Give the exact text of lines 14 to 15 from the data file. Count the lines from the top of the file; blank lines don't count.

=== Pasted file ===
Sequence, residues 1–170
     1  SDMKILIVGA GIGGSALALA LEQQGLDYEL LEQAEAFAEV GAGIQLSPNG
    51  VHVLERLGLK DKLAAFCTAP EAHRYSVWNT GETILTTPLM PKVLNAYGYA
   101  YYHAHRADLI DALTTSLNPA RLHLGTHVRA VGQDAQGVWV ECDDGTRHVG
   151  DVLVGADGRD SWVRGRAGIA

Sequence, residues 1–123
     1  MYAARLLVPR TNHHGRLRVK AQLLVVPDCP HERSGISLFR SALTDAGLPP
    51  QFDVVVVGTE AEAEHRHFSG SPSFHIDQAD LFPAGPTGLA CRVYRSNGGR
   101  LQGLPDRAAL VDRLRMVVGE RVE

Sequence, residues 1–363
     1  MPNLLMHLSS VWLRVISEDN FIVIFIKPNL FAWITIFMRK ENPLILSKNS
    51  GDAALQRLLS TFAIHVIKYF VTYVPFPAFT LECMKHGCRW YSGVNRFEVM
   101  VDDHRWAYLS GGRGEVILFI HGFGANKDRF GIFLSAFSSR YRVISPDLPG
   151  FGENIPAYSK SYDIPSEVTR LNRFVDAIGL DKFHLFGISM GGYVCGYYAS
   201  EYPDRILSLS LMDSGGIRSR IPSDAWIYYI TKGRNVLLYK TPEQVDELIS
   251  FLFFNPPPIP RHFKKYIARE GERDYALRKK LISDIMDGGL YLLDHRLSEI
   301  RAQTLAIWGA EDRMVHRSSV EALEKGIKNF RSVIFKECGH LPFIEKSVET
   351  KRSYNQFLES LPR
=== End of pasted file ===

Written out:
   151  FGENIPAYSK SYDIPSEVTR LNRFVDAIGL DKFHLFGISM GGYVCGYYAS
   201  EYPDRILSLS LMDSGGIRSR IPSDAWIYYI TKGRNVLLYK TPEQVDELIS